Charlize Theron Immerses Herself in a Tale of Love and Death

#21:  Monster (2003)

Director:  Patty Jenkins

monster posterCharlize Theron won a Best Actress Oscar for her role in Monster as real-life serial killer Aileen Wuornos. She came onstage to accept the award with her blonde hair shining in finger waves, tanned skin glowing, beaded silver dress glittering. Theron was known at this point in her career for her beauty as much as for any acting talent.Monster changed that, but it’s unfortunate that so much of its hype was attached to Theron going “ugly” for the role. As Wuornos she has mottled skin, bad teeth, limp hair. It’s an impressive transformation, but it’s only the beginning of a gut-wrenching performance.

Theron’s tall, lean figure seems thick and battered.  She is rarely still: Aileen is full of jittery movement; both skittish and aggressive. She is anxious and defensive, ready for a fight at any moment yet desperate for acceptance.

This wounded woman, a prostitute since the age of 13, meets Selby Wall (Christina Ricci), and for a short time it seems as if love will change Aileen’s life for the better. Selby is tiny, docile, ready to be cared for. Wuornos seems to grow in size simply by being needed, and boasts of the life she will create for the two of them. Early in their relationship, however, Aileen is attacked and nearly murdered by one of her “clients”. She kills the man in what Monster clearly shows as self-defense. But it’s a turning point for Wuornos, who soon decides that killing men is a more natural way for her to profit than prostitution.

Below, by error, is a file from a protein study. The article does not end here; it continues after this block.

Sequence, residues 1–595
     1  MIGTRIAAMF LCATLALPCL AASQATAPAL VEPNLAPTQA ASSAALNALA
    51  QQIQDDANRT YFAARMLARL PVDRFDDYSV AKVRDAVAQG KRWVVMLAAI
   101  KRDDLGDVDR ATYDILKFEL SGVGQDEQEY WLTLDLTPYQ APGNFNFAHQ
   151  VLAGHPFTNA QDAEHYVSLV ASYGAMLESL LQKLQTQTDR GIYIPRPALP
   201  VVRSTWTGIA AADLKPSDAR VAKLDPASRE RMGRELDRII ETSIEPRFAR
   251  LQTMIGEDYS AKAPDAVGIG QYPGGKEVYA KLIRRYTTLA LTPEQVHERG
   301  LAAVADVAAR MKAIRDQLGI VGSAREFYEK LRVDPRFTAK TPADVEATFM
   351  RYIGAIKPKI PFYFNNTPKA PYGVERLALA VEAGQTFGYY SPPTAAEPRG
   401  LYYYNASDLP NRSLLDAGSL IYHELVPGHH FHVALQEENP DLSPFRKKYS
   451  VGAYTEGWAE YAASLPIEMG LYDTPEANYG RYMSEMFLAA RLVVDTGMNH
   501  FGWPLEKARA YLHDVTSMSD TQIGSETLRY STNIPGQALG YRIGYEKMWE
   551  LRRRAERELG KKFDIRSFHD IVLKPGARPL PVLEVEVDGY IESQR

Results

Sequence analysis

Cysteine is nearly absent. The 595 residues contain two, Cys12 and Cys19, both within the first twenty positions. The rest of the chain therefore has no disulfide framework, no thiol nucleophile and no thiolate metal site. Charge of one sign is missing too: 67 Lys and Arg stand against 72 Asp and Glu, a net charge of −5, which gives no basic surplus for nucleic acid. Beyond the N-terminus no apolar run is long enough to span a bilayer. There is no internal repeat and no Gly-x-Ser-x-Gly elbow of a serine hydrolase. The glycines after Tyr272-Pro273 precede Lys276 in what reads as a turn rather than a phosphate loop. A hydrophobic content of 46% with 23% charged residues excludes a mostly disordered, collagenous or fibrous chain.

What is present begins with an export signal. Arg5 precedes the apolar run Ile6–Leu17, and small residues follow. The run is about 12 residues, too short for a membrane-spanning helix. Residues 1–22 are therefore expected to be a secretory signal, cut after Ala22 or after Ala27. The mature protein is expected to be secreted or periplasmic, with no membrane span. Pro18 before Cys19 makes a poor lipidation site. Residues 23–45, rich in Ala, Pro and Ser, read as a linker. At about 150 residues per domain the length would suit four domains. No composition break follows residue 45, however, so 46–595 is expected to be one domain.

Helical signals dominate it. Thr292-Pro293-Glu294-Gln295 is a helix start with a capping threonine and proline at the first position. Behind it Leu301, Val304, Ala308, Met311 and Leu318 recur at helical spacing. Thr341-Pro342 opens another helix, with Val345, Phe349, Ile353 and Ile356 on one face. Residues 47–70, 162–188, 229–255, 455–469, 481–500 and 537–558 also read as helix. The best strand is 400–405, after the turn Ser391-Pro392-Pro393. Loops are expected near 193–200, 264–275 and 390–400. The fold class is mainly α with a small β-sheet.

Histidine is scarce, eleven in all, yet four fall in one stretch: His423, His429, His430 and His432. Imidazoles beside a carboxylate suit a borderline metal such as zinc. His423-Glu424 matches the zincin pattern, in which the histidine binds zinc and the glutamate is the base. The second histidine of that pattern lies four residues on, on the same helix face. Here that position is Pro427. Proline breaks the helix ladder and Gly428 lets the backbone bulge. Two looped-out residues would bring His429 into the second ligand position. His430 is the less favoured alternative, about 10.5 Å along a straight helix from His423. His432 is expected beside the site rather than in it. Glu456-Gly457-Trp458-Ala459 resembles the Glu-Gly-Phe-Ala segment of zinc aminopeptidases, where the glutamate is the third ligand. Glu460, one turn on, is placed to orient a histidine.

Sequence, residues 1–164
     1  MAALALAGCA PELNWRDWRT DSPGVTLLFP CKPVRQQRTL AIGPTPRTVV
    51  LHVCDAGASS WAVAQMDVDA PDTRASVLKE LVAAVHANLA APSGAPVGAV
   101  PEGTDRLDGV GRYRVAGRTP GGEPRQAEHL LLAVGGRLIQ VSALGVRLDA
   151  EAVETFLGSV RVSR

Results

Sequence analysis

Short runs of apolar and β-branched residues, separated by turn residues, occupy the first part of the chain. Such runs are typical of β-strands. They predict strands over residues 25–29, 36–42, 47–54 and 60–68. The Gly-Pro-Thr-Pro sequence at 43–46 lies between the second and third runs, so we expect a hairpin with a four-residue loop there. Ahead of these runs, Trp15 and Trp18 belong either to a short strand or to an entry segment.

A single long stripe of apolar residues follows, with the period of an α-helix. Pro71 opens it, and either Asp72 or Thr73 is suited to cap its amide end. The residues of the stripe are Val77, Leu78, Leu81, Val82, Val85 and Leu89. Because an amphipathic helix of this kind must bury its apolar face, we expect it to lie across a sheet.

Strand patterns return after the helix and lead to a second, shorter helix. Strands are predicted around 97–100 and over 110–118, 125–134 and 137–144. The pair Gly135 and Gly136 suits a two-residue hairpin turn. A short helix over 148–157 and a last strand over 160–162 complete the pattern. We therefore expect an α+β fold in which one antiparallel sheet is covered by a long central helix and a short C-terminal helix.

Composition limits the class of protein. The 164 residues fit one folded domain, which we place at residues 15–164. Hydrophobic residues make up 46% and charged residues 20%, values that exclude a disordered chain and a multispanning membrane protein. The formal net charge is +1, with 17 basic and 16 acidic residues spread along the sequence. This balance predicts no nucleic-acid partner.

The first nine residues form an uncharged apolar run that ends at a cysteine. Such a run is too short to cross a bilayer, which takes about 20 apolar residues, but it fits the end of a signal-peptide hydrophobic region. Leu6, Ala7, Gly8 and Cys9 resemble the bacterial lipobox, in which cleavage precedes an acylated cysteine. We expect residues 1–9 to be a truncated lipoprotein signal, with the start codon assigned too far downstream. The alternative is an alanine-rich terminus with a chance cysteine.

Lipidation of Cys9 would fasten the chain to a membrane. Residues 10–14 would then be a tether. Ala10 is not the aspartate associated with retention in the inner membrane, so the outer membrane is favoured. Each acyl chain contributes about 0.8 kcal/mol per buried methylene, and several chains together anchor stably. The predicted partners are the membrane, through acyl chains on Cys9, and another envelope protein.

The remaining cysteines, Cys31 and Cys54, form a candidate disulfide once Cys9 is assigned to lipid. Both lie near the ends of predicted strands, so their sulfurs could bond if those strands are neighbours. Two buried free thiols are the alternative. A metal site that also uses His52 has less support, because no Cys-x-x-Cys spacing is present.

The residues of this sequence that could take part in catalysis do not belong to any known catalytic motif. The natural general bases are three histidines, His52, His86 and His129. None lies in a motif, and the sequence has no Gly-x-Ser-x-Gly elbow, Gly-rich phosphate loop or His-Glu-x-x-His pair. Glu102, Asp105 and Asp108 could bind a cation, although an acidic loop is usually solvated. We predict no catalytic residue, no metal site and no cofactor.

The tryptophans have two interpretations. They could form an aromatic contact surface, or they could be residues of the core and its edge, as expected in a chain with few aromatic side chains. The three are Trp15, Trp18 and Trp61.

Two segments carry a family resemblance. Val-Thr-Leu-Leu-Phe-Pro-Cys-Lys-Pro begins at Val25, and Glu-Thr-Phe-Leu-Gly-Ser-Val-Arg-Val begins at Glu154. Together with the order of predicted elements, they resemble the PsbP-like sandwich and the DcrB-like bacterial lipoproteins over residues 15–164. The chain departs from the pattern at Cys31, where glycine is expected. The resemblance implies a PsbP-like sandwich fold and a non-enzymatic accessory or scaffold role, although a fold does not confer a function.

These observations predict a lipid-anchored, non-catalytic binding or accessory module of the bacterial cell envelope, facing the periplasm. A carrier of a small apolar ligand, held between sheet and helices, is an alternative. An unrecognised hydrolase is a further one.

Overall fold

The true story is more complicated than what’s on screen in Monster. Wuornos grew up in hell, but her adult life was punctuated by her own violence and a range of crimes beyond prostitution, long before she first committed murder. Her real-life lover, Tyria Moore, was not nearly as detached from the murders as Ricci’s character is in the movie – though like Selby, she cooperated with the police and testified against Aileen.

Monster is more love story than crime thriller. That may unfairly build sympathy for a women who, in reality, seems to have been an unrepentant, violent psychopath. Once I did some reading about Wuornos I decided that the movie needs to be evaluated as its own story, at best “inspired by true events”. On those terms, it’s a painful depiction of a woman so deeply damaged that she seems almost more cornered animal than human. The power of that performance didn’t come from hair, or makeup, or camera magic. It came from Charlize Theron, absolutely earning that Oscar.


Bonus Pick: Hot Girls Wanted (2015)

Director:  Jill Bauer and Ronna Gradus

hot girls wanted posterThe proliferation of porn online has led far too many people to see porn as harmless – not only to those who view it but to those create it. The documentary Hot Girls Wanted follows several “barely legal” actresses trying to find success in the amateur porn industry, and serves as a corrective to the popular image of porn as empowering and “sex positive”. Hot Girls Wanted isn’t preachy or sensational: instead, it shows working in porn as dreary, boring, medically risky and low-paying. It’s valuable viewing for all of us living in this pornified culture, but perhaps most valuable for young women who are told in countless ways that comodifying their bodies is glamorous.